Twenty Days: A Narrative In Text And Pictures Of The Assassination Of Abraham Lincoln And The Twenty Days And Nights That Followed – The Nation In Mourning, The Long Trip Home To Springfield, by Dorthy Meserve Kunhardt and Philip B. Kunhardt Jr.
I managed to pick up this book because it had a foreword by Bruce Catton, and I am glad I checked it out, because the book is a very worthwhile one for both its text and its photos. A true labor of love, the book is the result of the assiduous collection of photographs and commenting on them from someone who is an expert in the aftermath of the assassination of Abraham Lincoln and the response of the nation to this. Although the book is not a scholarly history, it is clearly a social history of the highest order, and a very worthwhile source if one has an interest in Civil War studies and of Lincoln’s assassination in particular. In fact, reading this book was like reading a better form of Killing Lincoln, with more photos and a more complete story, and fewer conspiratorial speculations, all of which is definitely a change for the better, if I may say so for myself in a somewhat biased way. All of that leads me to think very highly of this book, even if it would make for a somewhat unconventional coffee table volume.
The roughly 300 pages of this book (and the pages are very large) can be divided into six sections. The book begins with a preface and foreword and then moves on in a thematic or chronological fashion through the titular twenty days. The book begins with a discussion of the assassination itself, and photos and text relating to the attack, including the angle of firing from John Wilkes Booth’s pistol and drawings and photographs taken of the scene and of the various people, including the actors and actresses in The American Cousin (1). After that the author looks at the six days immediately after the murder when Lincoln remained in Washington, looking at the transition of power to Andrew Johnson and what happened with the investigation (2). The third part of the book looks at the first few stops of the funeral train as it made its way from Washington through Baltimore, Harrisburg, Philadelphia, New York, and Buffalo, on the first part of its journey (3). After this the book discusses the fate of the assassins, including the investigation and the trial of those who were accused of guilt in conspiring to murder Lincoln and carrying out that deed (as well as the simultaneous assault on Secretary of State Seward) (4). After this the author looks at Lincoln’s journey as it approached home, with stops in Ohio, Indiana, and Illinois (5) before the authors close with the funeral and aftermath of the funeral of Lincoln in Springfield, even containing a picture of a beloved pet dog who had been given to others (6).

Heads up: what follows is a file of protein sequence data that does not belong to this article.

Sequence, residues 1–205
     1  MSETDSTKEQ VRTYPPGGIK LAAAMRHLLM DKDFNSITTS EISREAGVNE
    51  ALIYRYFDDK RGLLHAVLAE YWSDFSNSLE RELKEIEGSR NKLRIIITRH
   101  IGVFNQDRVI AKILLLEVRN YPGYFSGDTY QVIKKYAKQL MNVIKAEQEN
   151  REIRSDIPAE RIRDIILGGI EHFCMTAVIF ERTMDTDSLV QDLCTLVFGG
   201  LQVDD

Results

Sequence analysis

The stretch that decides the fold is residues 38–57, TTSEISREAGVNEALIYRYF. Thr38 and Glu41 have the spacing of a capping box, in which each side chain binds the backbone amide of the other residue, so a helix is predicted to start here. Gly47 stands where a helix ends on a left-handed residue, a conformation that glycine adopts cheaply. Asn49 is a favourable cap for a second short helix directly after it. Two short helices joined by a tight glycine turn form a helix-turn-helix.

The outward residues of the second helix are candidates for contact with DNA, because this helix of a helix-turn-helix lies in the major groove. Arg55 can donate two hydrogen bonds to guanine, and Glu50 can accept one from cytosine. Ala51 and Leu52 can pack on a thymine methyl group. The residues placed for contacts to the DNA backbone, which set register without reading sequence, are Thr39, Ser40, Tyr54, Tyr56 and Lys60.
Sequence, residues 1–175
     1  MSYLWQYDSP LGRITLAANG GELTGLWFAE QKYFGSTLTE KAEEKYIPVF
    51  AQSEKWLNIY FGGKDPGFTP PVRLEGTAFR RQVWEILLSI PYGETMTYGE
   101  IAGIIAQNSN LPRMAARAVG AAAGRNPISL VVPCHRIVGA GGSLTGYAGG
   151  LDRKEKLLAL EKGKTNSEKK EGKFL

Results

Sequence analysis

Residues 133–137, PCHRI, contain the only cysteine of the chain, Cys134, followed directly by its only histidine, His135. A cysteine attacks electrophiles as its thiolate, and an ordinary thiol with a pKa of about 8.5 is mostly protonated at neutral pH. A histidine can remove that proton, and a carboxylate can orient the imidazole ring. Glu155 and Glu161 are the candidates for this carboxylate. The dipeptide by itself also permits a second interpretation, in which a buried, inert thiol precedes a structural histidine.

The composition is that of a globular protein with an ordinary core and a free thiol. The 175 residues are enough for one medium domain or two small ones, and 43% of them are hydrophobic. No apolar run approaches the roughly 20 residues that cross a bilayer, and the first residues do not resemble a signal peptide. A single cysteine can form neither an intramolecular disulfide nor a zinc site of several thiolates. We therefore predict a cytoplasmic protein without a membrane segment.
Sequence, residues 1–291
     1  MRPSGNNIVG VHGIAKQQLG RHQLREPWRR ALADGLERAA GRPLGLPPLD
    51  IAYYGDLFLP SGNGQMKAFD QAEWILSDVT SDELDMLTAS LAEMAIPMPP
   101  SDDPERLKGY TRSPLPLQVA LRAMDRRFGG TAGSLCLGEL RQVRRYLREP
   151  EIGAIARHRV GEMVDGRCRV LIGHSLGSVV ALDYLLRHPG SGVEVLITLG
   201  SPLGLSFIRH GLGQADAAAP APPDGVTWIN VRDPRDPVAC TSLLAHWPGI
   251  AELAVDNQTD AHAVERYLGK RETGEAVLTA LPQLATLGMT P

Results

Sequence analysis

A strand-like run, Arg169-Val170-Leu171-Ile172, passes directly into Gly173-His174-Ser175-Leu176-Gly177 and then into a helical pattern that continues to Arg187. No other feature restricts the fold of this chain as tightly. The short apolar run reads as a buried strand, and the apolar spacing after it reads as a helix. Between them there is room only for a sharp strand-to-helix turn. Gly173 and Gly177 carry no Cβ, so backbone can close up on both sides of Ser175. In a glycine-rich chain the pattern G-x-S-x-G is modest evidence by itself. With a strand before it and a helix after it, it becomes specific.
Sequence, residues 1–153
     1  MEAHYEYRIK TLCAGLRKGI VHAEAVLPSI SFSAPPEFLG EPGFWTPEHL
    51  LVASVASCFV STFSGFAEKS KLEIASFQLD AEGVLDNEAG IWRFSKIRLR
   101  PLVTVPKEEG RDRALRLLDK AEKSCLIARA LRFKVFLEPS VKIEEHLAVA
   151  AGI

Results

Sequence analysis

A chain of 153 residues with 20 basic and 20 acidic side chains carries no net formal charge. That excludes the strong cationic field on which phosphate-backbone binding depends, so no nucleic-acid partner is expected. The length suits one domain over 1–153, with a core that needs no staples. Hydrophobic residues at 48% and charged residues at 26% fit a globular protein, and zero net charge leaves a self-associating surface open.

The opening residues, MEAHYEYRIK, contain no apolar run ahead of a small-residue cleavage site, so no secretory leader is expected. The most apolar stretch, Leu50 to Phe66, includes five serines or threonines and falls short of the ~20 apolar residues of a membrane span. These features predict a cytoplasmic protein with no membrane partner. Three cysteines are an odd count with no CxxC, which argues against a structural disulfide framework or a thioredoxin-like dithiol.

It is the little details that make this book particular important as a source on the Civil War. Whether one looks at the unpopularity of Mary Todd Lincoln with many of the people of Springfield, the sorrow and devotion of America to the first president (but, sadly, not the last) who had been struck down in violence, or looks at the premonitions by Lincoln’s stepmother that he would suffer violence, or even the picture of the Lincoln’s dog, we are reminded of the fact that Lincoln was greatly beloved and that at the time people sought to immortalize as much as possible about the man himself and his context. This included his body, his writings, his various photographs, any item that he had at the time of the assassination, including a cane, and his house. The book also, as a somewhat darker undercurrent, also reminds us that part of what made Mary Todd Lincoln so reviled in the aftermath of her husband’s death was her insensitivity to the common standards of decency, even as the book highlights those who, like Tad and Robert Lincoln and dressmaker Elizabeth Keckley, sought to comfort and help Lincoln’s widow even as she fell apart in dramatic fashion.